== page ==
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Old 09-24-2013, 12:04 PM   #1639
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Originally Posted by interstateflyer View Post
I have new cans of both Boeshield T-9 and Corrosion X. Which is the best to spray in the exterior aluminum panel seams?
I use CorrosionX on the shell and Boeshield for the underbody steel. Boesheld T9 leaves a protective paraffin wax protective coating, but when it dries looks awful and is real tough to clean off the shell surfaces.
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Old 09-24-2013, 12:10 PM   #1640
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Originally Posted by Howard L. View Post
A week after completion of the Classic base install for the filiform and leaking clearance light repair we sat through our first full blown heavy thunderstorm downpour last night. I did the caulking with Acryl R myself and was certain the job done would insure dryness. At first check this AM all lights looked great, but later a dime sized spot of condensation showed up in one yellow light. On much closer inspection, I found a spot, maybe 1/16 inch where caulk was missing between the lens and original plastic base--even in photo it's difficult to spot. Lesson learned: no matter who did the "fix" work, go over each light again with a strong flashlight to insure no bubbles or gaps in the caulk.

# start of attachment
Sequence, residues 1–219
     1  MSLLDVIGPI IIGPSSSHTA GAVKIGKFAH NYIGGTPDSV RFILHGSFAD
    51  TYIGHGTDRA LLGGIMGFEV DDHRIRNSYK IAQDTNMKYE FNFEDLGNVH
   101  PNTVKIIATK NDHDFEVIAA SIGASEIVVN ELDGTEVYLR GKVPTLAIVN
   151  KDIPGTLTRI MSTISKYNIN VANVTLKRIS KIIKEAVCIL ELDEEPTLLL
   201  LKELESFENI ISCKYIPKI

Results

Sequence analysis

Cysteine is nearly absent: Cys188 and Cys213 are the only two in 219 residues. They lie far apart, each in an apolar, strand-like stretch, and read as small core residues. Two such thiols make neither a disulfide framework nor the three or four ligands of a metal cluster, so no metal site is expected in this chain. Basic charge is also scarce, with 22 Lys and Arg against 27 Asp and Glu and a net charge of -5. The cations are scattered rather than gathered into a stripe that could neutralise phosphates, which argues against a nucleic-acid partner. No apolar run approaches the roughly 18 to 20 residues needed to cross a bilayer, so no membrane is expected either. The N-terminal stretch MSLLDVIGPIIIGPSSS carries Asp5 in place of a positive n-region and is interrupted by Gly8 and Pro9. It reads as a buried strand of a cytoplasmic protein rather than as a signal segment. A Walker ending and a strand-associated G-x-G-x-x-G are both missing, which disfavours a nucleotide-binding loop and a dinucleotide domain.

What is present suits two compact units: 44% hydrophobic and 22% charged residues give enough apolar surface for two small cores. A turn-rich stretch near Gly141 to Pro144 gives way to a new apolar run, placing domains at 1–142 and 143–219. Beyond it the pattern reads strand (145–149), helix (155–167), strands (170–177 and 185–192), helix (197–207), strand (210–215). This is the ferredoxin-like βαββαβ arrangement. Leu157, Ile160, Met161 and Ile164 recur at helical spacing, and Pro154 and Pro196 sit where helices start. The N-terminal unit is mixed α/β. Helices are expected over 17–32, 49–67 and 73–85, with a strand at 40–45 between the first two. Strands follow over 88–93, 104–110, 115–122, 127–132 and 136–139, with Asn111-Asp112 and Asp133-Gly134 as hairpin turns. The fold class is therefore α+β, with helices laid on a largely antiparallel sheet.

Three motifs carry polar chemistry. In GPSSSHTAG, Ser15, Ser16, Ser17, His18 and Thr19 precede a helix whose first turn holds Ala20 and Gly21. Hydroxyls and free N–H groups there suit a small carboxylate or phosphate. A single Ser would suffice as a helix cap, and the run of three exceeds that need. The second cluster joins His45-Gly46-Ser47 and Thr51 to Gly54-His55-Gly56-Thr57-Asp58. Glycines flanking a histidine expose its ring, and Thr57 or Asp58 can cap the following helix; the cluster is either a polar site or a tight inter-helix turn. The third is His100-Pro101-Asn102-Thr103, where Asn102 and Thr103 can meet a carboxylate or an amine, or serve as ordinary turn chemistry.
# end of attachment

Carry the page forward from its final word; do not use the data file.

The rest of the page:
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Good advice Howard. Airstream Service Center installed my new Classic fixtures and a bubble opened about a 1/8" spot in the lens-to-base sealant. This was on the center upper amber light; they sealed those three all-around to allow drainage. That fixture was about half full of water when I noticed it.
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Old 09-24-2013, 12:19 PM   #1641
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doug, how exactly do you apply and remove the corrosion X product...spray it on....let it sit? for how long? what is the best thing to wipe it off with? thanks

The boeshileld product seems self explanatory for use on underbelly.
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Old 09-24-2013, 12:22 PM   #1642